Samsung launched the Galaxy S6 and Galaxy S6 Edge at the MWC 2015 show this month, and while the handset came with a welcomed design overhaul, as well as a diminished TouchWiz, there’s a surprise within the UI of the handset. In review units, XDA users found that you can not only remove the apps that you installed, but that you can actually remove bloatware from Samsung and Google as well. For those of you who like the appearance of a clean UI, Samsung has not been the favorite OEM to look for until now. But that’s about to change with the Galaxy S6.
Although not all of the bloatware that comes pre-installed on the Galaxy S6 can be completely removed and uninstalled, all of it can be disabled, which is already a good thing for those that don’t use Google services or the native Samsung applications. Although the ultimate goal when it comes to smartphones is to have no bloatware whatsoever, that’s rather hard to achieve without a GPe phone or a Nexus one. Motorola has the most near-stock Android interface out of them all, but OEMs are starting to focus on giving users this opportunity in the future.
The best choice if you want stock Android on a Samsung phone would be a custom ROM, but that’s not an attractive option to those who are not that tech-savvy as others. In the meantime, at least the Galaxy S6 seems to be embrace user preference more and more, although we’re not sure if the consumer models of the device will have the same features found in review units. Many users hope that once the Galaxy S6 pre-orders open and shipping starts in April, their units will be as customizable as possible and that they will be able to at least disable Samsung and Google bloat that they really don’t use. Even if many Android users are Google services users, that doesn’t mean that they use all the services pre-installed on the Galaxy S6 or any other handset.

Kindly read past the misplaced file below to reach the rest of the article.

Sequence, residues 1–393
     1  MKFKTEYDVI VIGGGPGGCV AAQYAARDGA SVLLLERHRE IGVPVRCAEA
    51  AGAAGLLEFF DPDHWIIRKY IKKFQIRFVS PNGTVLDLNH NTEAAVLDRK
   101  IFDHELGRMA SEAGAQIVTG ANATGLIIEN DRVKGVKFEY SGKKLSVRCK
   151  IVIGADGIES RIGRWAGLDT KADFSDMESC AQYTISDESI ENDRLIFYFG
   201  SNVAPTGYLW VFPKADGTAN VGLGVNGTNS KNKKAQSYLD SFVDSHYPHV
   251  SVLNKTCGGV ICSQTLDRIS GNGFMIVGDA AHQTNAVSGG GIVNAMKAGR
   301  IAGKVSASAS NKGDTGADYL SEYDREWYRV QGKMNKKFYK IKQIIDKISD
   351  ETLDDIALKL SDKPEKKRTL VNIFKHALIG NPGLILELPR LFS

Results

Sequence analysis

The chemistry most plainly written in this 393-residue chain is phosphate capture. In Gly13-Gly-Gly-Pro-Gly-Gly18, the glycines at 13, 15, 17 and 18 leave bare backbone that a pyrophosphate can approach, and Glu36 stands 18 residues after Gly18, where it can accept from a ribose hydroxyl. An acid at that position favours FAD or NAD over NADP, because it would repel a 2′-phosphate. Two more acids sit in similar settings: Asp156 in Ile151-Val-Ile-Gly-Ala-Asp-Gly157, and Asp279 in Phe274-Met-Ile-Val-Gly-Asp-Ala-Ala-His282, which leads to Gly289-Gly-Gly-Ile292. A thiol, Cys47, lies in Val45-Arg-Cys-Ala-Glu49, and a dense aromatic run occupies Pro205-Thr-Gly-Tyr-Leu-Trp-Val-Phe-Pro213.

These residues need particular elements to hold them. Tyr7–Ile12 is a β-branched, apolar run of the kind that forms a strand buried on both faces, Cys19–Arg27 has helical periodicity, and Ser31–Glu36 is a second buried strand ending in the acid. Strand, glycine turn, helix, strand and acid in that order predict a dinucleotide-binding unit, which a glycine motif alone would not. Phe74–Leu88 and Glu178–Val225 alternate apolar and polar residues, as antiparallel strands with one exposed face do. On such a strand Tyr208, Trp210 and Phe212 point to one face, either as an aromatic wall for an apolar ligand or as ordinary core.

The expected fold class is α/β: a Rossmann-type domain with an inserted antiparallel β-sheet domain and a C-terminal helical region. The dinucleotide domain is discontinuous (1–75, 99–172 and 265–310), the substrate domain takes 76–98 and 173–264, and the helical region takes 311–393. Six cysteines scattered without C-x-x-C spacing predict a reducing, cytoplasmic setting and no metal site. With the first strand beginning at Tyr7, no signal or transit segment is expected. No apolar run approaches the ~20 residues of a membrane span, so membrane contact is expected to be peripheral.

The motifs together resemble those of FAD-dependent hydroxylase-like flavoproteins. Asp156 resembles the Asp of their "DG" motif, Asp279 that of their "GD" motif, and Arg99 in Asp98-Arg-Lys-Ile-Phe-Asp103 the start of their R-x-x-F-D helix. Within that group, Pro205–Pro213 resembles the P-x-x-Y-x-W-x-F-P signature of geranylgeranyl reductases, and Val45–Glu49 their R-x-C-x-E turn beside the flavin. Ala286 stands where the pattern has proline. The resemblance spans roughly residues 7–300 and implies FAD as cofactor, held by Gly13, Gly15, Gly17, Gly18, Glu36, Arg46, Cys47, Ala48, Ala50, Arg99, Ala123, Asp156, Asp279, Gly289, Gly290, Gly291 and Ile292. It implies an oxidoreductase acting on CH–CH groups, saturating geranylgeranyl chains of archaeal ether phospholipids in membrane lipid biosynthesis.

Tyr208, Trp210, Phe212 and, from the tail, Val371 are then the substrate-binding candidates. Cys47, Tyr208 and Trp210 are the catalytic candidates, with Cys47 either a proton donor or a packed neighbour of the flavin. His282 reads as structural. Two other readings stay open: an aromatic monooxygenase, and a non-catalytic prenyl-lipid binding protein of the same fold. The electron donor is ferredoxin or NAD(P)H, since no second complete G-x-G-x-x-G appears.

The Galaxy S6 is currently regarded as the best smartphone on the market and Samsung as a company has certainly amazed people with the fairly new design. Although the overall design language of the Galaxy S6 is representative of the Galaxy line-up, Samsung changed things up with an Xperia-like glass finish on the back and an iPhone 6-like metal frame and body. Users are appreciating the Galaxy S6 Edge even more, as it looks stylish and fashionable, not to mention smooth and attractive. The Edge price will certainly be above the speculated $800 price tag of the Galaxy S6, so we’re wondering how many people will choose the edgy phone over the classic variant. Which would you choose?